Tuesday 28 September 2021
Through the 2021 competition a wide variety of 29 entrants were considered for the accolade including new buildings, restorations, extensions, conversions and public sector projects. Winners were carefully selected by an expert panel of judges working in the field of architecture and planning, all who took careful account of the advice given in the Chilterns Buildings Design Guide. The award categories for 2021 included Best 'Green' Building, Best Modern Building and Best Traditional Building, and the winners for each category were announced as:
Joint Best Modern Building and overall winner – Sable House
A collaboration between Heinz Richardson of Buro Nineteen (Principal Design Architect) and Bronwen Gombert of Connected Architecture (Executive Delivery Architect)
The judges described Sable House as an utterly modern design. Noting how it fitted extremely well into site, using modern materials, such as steel combined with traditional Chiltern materials including stained timber and flint.
Whilst very much a ‘one off’ building of the highest quality, the judges felt so many of these principles were transferable and could influence Chiltern design more widely. They were unanimous that Sable House deserves to be the overall winner of the competition and Chilterns Building of the Year 2021.
Bronwen Gombert, Executive Delivery Architect, Connected Architecture said: “We are delighted that Sable House has been recognised with this award as an exemplar of high quality, modern architecture that sits comfortably within the very special landscape of the Chilterns. To have the house described as clever design, with beautiful detailing offering lessons for everyday building is tremendous.”
Best Green Building – Samarkand by Steven Clarke, Napier Clarke Architects
When considering the best green building category the judges noted the needs of high energy efficiency, something well-known in new buildings, and reflected in many entries in this category. They flagged the huge amounts of energy tied up in existing buildings which is wasted when demolished. This is why they believed Samarkand is important: a conversion which kept and adapted almost all the original building.
In addition to energy saving, two elements impressed them: first, the building achieves a very high quality of design, which would have been a contender for an award in its own right, had it been new build. Second, its achievements were made for about half the cost of a new build. Both are important lessons for anyone contemplating demolishing and replacing an existing house.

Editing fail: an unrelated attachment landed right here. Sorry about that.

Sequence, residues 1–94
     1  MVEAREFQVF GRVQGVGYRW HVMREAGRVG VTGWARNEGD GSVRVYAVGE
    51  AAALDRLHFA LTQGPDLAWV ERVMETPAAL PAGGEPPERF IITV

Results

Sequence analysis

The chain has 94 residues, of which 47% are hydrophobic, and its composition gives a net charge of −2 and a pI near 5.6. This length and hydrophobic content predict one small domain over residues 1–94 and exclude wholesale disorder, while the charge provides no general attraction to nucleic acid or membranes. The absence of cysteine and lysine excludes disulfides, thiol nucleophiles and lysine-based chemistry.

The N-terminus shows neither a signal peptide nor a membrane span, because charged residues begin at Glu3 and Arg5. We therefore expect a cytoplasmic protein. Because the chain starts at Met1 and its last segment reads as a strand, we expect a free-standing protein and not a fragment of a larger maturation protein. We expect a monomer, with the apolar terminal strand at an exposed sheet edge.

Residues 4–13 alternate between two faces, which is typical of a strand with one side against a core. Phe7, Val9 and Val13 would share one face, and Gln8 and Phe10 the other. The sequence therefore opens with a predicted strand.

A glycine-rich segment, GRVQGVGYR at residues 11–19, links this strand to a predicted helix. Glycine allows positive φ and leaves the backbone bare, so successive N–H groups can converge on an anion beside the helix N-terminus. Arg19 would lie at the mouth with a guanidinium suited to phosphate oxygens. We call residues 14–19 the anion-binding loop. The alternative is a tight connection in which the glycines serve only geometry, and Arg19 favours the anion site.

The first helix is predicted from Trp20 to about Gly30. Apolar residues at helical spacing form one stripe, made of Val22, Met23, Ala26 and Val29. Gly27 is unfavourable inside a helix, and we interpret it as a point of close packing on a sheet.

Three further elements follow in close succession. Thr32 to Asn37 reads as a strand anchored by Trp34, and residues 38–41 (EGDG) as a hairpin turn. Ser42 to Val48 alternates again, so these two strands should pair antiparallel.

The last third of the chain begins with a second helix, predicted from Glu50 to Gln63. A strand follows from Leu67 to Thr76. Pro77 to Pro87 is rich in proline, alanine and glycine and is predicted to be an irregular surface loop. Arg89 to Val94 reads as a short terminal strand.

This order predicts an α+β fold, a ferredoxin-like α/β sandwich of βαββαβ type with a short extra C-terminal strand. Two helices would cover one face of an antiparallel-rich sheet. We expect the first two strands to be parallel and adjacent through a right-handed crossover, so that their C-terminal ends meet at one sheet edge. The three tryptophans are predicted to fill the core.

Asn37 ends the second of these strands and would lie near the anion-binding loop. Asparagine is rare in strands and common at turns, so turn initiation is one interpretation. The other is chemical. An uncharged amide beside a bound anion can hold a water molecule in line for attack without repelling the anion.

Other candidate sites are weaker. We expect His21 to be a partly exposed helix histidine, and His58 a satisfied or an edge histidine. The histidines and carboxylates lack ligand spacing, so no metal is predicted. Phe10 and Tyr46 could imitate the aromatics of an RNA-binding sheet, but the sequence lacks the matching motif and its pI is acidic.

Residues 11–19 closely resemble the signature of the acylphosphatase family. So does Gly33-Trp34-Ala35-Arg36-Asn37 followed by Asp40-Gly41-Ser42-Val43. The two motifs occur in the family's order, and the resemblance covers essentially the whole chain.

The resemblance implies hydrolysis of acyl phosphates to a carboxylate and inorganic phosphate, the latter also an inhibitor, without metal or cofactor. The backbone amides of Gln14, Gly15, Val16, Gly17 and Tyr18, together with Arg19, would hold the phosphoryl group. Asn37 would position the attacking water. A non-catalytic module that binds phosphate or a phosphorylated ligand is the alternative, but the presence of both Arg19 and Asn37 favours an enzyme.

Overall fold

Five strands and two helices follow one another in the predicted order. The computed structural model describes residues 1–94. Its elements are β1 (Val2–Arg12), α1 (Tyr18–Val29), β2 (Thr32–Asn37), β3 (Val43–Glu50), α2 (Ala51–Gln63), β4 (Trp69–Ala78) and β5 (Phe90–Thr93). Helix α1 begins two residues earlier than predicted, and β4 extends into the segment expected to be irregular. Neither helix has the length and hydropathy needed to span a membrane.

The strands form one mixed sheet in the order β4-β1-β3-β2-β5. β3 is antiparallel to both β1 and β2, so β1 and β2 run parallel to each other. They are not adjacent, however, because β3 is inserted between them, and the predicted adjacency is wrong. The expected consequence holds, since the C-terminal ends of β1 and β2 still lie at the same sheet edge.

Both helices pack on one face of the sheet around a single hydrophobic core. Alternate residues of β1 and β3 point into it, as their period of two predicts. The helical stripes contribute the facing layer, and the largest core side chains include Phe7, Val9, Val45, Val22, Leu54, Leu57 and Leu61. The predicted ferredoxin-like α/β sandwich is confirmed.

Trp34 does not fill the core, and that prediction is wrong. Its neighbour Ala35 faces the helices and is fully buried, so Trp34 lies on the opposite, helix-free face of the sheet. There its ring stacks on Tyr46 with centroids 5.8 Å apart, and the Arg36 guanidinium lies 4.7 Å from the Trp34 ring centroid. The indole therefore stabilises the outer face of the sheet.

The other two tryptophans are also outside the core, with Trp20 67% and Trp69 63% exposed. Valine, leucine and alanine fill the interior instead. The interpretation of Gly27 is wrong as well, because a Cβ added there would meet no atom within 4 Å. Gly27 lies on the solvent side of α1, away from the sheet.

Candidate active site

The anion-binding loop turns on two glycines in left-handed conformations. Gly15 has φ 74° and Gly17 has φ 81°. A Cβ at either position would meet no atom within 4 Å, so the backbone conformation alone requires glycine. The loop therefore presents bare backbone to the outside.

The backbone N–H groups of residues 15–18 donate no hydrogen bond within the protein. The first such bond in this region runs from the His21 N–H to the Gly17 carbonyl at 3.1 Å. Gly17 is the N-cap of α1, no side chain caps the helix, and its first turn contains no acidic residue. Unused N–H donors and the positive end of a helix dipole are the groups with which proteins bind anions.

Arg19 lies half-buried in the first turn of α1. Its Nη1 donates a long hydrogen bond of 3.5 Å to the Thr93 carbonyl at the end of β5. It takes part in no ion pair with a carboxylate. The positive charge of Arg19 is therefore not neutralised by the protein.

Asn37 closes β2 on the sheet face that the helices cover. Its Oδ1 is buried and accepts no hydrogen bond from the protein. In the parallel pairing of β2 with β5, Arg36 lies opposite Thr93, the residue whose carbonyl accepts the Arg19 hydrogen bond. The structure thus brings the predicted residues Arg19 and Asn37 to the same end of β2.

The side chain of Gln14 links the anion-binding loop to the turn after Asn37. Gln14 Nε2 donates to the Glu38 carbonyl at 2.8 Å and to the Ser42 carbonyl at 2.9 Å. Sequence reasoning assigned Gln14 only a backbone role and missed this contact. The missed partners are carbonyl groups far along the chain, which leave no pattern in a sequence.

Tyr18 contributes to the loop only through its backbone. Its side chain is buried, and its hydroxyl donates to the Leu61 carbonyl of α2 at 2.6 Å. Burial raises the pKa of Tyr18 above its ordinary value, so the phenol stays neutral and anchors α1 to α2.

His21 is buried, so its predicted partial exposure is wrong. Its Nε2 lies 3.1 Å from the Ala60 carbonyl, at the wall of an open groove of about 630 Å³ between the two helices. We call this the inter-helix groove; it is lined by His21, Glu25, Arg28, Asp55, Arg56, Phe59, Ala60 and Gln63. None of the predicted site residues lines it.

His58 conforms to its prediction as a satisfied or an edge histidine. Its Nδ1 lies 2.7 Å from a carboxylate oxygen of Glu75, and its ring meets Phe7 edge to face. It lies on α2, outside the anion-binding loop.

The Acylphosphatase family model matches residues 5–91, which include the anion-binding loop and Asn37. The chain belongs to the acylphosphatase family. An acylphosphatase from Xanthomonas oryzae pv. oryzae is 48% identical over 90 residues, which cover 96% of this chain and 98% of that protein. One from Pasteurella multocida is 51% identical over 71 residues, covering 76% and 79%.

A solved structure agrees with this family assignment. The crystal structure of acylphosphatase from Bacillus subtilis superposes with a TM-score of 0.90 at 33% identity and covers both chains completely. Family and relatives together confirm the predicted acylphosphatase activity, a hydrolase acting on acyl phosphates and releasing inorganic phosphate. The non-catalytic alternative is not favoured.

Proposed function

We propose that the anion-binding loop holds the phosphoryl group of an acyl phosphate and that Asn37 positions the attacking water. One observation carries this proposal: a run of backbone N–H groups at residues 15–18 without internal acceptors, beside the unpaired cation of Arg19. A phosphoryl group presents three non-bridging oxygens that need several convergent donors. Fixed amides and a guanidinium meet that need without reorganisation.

Best Traditional Building – Chisbridge Farm by Tony Mealing, Garrett Mckee Architects
The Chisbridge Farm project, a large linking block between two old and distinguished domestic Chilterns buildings, needed sensitivity, and the judges were impressed with how this was delivered. An ingenious and quite modern steel frame clad in vernacular materials has been delivered with great skill and authenticity – but with delightful individual design touches such as the gable windows. The result combines admirable architectural design with excellent craftsmanship, all of which could apply to smaller buildings throughout the Chilterns as a good exemplar.
Best Modern Building – Cherry Tree House by Fred Guttfield, Guttfield Architecture
Cherry Tree House is an exciting partial retention of an existing house with approximately two-thirds replaced as a new build. The judges described it as a clean, crisp design with a lovely rhythm to the roof and clever use of simple modern materials, combined with beautifully detailed flint work. The traditional material re-interpretation sits beautifully on site when viewed from valley below.
Rasa Akelyte-Rashid, Design Awards Ambassador said: “The awards are important, not just recognising one-off good design, but holding up examples which could be more widely applied with transferable lessons – a shared ambition of both the Chilterns Conservation Board and the Chiltern Society. It has been a pleasure to be working together on this important initiative.”
Matt Thomson, Planner, The Chilterns Conservation Board said: “The Chilterns is under huge development pressure and these awards play an important part in our joint ambition to ensure that where development happens, it is of the highest quality, relating to the unique landscape and using the Chilterns’ traditional palette of materials.
Beyond examples set by these awards, the Chilterns Buildings Design Guide is a crucial document in advocating sensitive design both within the AONB and across the wider Chilterns landscape. We are grateful to our partners in Local Planning Authorities across the region for applying it in their planning decisions.”
You can find out more information about the awards and the criteria for entering on the Chiltern Society website: https://chilternsociety.org.uk/buildings-design-awards-21/